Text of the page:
Repetition. Repetition. Repetition…. Repetition. Repetition! by Rich

Repetition. Repetition. Repetition…. Repetition. Repetition! Repetition. Repetition. Repetition…. Repetition. Repetition! Repetition. Repetition. Repetition…. Repetition. Repetition! Repetition. Repetition. Repetition…. Repetition. Repetition! Repetition. Repetition. Repetition…. Repetition. Repetition!

Effective marketing REQUIRES repetition.

Let me say that again. If marketing is going to work for you, you are going to have to repeat yourself. Over and over again.

Saying it once is not going to do the job. SHOWING it once isn’t going to do the job.

Somehow, it just doesn’t sink in or get believed until it has been repeated many times.

One study found that consumers had to see an ad 9 times on the average before they responded. But that it had to run 27 times to be seen 9.

I know a business owner who responded to repeated mailings from a consulting company…. after they mailed to him 75 times.

Seventy-Five Times.

I’ve never seen a good explanation of why this is. But it is an observable fact. So, what do you do about it? Let’s explore the implications.

The first thing to know: A campaign that ASSUMES a response the first time your message is seen, is doomed to failure. This explains at once why TV advertising is not for the small business. You can’t afford to run a commercial often enough to get noticed.

A marketing campaign should be budgeted to run forever – even if you never make a dime off it.  That’s an exaggeration of course. But it can take six months of repetition and fine-tuning for a campaign to really get cooking.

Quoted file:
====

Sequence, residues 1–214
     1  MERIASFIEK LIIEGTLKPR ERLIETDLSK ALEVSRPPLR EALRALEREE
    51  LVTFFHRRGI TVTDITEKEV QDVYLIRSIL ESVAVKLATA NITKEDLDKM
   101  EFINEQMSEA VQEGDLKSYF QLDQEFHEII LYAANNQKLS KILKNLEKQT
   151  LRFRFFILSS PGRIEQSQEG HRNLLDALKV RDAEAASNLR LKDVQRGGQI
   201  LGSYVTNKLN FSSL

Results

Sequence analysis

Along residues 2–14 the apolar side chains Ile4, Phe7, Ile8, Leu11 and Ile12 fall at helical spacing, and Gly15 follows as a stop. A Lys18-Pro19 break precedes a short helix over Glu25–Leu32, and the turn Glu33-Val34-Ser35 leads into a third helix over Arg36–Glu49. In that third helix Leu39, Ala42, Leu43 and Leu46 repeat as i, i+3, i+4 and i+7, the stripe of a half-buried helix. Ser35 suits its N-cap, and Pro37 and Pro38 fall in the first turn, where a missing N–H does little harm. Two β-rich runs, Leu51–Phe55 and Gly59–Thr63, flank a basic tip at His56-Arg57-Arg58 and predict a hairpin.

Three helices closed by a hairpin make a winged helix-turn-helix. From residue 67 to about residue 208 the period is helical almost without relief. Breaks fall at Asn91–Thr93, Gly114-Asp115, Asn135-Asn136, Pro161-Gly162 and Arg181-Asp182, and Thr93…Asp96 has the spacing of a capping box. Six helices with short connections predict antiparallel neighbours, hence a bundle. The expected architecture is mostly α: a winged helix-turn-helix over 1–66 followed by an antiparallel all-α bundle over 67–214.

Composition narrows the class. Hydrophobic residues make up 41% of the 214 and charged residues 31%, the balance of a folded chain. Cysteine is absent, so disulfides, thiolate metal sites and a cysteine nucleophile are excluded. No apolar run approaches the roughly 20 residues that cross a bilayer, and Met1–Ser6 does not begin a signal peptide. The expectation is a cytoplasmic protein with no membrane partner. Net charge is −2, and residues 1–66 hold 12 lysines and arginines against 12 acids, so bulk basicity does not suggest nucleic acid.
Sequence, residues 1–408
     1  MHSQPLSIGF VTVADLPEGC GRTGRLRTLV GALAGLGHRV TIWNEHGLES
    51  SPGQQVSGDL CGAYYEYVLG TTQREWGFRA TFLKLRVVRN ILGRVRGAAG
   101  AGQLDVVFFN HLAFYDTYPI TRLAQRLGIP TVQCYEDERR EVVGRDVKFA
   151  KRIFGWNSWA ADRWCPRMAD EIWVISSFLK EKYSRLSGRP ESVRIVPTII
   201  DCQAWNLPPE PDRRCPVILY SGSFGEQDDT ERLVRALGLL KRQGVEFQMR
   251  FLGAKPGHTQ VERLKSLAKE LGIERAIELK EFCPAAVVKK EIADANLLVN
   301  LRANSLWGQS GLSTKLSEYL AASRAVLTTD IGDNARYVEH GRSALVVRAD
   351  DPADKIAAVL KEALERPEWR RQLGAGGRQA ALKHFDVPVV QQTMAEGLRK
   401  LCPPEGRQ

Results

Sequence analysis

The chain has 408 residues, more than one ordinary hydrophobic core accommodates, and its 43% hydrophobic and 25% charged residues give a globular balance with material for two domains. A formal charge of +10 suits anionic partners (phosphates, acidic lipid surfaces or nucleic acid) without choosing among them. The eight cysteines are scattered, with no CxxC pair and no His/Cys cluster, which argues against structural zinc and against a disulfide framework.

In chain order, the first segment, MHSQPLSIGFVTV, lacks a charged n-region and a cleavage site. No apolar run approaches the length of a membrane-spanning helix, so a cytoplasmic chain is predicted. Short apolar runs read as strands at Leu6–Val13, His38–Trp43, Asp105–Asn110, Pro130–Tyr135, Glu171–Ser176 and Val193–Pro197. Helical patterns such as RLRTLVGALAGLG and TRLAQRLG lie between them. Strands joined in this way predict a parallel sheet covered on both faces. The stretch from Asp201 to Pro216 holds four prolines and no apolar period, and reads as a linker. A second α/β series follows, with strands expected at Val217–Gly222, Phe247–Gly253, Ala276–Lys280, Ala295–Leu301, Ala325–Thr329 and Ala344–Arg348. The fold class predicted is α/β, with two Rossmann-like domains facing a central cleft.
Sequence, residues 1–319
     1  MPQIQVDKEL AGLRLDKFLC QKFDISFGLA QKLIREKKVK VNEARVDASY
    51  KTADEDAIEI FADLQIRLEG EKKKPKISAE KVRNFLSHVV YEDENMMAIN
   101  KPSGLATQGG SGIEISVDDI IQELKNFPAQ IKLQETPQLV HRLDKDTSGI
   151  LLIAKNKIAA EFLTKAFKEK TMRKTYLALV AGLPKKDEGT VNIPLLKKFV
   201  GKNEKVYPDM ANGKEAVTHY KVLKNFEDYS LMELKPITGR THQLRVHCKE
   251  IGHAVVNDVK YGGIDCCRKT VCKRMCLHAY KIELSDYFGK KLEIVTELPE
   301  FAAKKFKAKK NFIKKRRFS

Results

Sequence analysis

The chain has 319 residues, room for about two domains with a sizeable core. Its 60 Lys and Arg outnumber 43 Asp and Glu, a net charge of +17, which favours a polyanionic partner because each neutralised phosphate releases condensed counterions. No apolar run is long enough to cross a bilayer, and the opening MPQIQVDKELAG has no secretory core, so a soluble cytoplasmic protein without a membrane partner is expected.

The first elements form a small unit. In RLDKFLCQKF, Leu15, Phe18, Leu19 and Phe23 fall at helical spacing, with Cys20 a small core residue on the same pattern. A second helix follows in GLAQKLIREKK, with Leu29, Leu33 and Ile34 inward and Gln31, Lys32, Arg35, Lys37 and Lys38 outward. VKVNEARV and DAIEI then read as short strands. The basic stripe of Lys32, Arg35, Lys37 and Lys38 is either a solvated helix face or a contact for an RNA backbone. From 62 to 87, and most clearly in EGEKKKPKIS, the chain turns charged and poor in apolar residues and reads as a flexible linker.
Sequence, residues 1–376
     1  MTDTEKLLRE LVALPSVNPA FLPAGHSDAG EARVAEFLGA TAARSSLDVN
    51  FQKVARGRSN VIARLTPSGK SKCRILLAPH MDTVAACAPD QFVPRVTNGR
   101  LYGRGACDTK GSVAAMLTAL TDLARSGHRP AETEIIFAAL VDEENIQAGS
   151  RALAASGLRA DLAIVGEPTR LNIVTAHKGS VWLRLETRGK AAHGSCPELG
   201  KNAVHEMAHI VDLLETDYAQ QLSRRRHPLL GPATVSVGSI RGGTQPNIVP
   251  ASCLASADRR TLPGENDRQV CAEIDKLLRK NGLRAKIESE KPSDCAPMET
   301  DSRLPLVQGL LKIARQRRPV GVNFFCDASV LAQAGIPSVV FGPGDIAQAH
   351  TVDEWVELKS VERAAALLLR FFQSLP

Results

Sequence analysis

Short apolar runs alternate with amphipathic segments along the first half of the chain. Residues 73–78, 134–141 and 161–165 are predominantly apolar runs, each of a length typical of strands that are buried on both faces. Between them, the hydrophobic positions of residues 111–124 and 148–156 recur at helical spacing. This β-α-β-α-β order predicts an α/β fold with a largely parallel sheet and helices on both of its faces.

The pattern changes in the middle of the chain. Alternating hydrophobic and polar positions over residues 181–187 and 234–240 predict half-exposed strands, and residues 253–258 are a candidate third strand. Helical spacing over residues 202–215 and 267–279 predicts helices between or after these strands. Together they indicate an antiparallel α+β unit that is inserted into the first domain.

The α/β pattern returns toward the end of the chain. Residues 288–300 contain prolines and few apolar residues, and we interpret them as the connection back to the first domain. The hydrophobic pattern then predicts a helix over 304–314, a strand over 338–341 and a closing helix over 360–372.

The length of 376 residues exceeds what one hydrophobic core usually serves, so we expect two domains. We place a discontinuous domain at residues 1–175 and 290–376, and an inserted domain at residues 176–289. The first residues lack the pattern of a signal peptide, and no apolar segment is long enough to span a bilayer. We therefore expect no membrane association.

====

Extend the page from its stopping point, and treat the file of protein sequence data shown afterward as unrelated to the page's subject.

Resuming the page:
If you can’t expect an initial positive return on investment, how do you judge if it is working? Because you can’t wait six months to find out that your campaign isn’t reaching the right market, or with the right message.

I have two rules of thumb on this. The first is, if your campaign is on-the-money, it will get SOME response immediately. If it gets NOTHING, you’d better bail on it and figure out what is wrong. If you can get some response, then you can get more, as you repeat and refine your campaign.

The other point has to do with what are called “sub-statistics.” If you are ultimately going for a purchase, there are many small steps on the way there. Some of these can be measured.

If it is a Google Ads campaign, the first one is “impressions” (your ad is being seen). Then you get “clicks” (someone thought enough of your ad to click on it). Then a reasonable “click through rate” (the percentage of people who saw the ad who then clicked on it). If that percentage is too low, most of those clicks could be accidental.

You’ll see visits to your website increase. If the bounce rate (percentage who leave the site at once) is too high, those clicks aren’t going to translate into contacts (leads). Then people need to spend enough time on the site to get interested.

Every one of these steps can be refined and improved with a resulting increase, not only in the sub-statistic that measures it. You should get an increase in every sub-statistic that comes after it.

It’s like a water hose that you’ve been taking the kinks out of. At some point, the water (leads) start to flow out the end. And if the leads are of decent quality and well handled, you start getting sales, and, ROI (Return on Investment).

This is just as big a lesson as “you must have repetition.” You make sure you can continue to AFFORD to repeat your campaign. Then the result of the repetition is prosperity and expansion.

It’s often a lengthy and difficult job to get to that point. But how worth it that is! I went through this process with my own business. It took three months to get the first lead and five to get the first sale, but that campaign has been the primary source of business for my company for over eleven years now.

You can do the same.

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